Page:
A Planetful of Trees
Frank Lockyear pursues a quest to plant seedlings all around the world. PROFILE: TREE PLANTER
ON a hillside facing the truncated cone of Mt. St. Helens, a troop of Boy Scouts circles around Frank Lockyear, a 77-year-old retired nurseryman from Wilsonville, Ore. The Scouts' red berets are the only blooms of color in this wasteland. When the volcano erupted back in 1980, it clearcut the hillside of every living thing, then laid down a patina of gray pumice and ash. Mr. Lockyear kneels in the detritus and digs a small hole. He sets a fir seedling in it, spreads the roots, and bulldozes in backfill with his hand.Skip to next paragraph
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Grinning slyly, as though to involve the Scouts in a naughty conspiracy, he says, ``At home, your mothers probably tell you not to put your foot down. But when you plant trees, you must put your foot down.'' He heels in the seedling by way of demonstration. ``It compacts the soil and keeps air from rotting the roots.''
The scouts scatter across the hillside. They plant several hundred trees that day. The more conscientious of them make sure to put a foot down.
Frank Lockyear, latter-day Johnny Appleseed and Pied Piper, has struck again.
He looks like your favorite uncle - balding, going to paunch, with a face that could have been hacked from a slab of cedar, and hands gnarled as tree roots. But beneath the avuncular fa,cade are fire and ice - the passion of a zealot and the shrewdness of a used-car salesman. Lockyear wants to retree the globe - not all of it, necessarily, just those parts he can get to.
Thus far he has gotten to Morocco, Poland, Greece, and Spain. Haiti, the Dominican Republic, Jamaica, and the Virgin Islands. Panama, Costa Rica, Mexico. Thailand, Taiwan, and South Korea. He has planted trees throughout much of the United States, including Alaska and Hawaii, and in most of the Pacific Northwest.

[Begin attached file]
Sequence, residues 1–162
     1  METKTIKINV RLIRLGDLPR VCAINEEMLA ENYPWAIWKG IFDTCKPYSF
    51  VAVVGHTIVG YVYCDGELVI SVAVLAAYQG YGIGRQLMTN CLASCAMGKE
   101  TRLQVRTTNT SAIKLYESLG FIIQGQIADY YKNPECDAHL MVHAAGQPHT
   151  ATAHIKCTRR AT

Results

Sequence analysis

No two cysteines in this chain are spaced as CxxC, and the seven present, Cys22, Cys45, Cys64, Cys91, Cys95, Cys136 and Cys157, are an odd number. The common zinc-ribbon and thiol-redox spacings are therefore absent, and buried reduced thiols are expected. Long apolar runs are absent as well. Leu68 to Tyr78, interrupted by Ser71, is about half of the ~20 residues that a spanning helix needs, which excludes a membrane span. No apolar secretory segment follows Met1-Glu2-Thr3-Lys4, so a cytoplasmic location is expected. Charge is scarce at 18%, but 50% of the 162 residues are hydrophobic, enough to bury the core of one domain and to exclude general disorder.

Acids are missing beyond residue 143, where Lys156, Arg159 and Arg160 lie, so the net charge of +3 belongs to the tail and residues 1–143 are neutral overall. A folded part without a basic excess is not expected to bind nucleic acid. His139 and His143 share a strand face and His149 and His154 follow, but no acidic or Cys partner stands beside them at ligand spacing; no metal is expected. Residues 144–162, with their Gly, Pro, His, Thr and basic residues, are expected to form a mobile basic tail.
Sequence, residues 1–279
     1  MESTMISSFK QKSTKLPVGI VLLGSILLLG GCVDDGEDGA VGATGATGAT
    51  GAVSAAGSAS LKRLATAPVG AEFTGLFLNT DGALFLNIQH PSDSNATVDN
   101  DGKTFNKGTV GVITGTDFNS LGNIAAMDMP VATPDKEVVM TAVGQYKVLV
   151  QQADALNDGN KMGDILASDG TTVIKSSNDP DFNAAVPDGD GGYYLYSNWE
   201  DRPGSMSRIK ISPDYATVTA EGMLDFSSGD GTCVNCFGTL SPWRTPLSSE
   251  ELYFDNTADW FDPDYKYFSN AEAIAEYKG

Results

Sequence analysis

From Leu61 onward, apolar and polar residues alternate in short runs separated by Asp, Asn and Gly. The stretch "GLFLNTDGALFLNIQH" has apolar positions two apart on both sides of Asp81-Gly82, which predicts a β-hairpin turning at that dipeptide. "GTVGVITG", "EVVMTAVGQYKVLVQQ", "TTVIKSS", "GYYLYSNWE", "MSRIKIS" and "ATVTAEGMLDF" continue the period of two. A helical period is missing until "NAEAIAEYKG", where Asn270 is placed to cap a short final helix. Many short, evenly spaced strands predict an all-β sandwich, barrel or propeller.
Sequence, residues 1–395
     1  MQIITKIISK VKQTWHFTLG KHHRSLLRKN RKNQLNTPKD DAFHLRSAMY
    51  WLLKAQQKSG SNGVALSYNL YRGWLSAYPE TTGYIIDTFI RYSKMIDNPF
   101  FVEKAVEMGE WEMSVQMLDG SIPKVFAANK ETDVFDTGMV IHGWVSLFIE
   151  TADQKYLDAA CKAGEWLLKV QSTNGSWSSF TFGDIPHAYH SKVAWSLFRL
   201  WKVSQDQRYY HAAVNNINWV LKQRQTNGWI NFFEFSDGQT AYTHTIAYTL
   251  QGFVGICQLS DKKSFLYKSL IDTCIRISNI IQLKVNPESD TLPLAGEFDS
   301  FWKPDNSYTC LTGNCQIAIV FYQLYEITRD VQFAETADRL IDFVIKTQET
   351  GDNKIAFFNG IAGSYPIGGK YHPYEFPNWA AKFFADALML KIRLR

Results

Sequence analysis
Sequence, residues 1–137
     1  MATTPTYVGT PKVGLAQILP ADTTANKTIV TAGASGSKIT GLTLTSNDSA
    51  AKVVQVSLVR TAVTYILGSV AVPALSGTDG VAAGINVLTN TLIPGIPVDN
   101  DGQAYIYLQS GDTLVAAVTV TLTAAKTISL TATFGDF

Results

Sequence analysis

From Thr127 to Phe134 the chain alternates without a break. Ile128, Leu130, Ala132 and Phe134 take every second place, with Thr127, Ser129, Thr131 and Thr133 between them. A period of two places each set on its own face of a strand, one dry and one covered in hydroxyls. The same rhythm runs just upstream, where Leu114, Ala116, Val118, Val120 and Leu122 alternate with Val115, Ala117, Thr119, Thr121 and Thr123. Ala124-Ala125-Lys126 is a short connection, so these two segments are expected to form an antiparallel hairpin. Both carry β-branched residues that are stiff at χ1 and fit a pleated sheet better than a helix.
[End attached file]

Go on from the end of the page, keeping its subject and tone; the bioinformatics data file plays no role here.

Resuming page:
He recruits people - mainly young people - to help, including Boy and Girl Scouts, Four-H club members, Campfire and church and school groups. A couple of springs ago, he planted trees with 12 Girl Scouts on an island off southeastern Alaska. Two weeks later he was surrounded by 10,000 tree-planting college students in Thailand.
Lockyear acquired his passion as a young man working for a nursery in Portland, Ore. One day he noticed several boxes of cedar seedlings headed for the burn pile.
``Those tiny potted trees looked so nice, I couldn't see them destroyed,'' said Lockyear in an interview. When he speaks, his words come out slowly as though dug, syllable-by-syllable, from the earth. ``I went to the boss and asked if I could plant them. He was suspicious that I was going to sell them myself, but finally agreed. I took my Boy Scout troop up in the Cascades and we planted those cedars on Forest Service land. They're still there.''
Eventually, his boss was right. Lockyear went on his own. During the 40 years he had a nursery, he continued planting trees and maintaining ties with any group that would assist. When he retired, he had contacts and the skills of a master pitchman.
He solicits help from government agencies - domestic and foreign - corporations, private groups, and individuals. He asks for seedlings, land on which to plant, elbow grease, transportation, cash. He beguiles, arm-twists, deals, back slaps, bargains. He freely admits: ``I'm not at all shy about asking for help regarding tree planting.''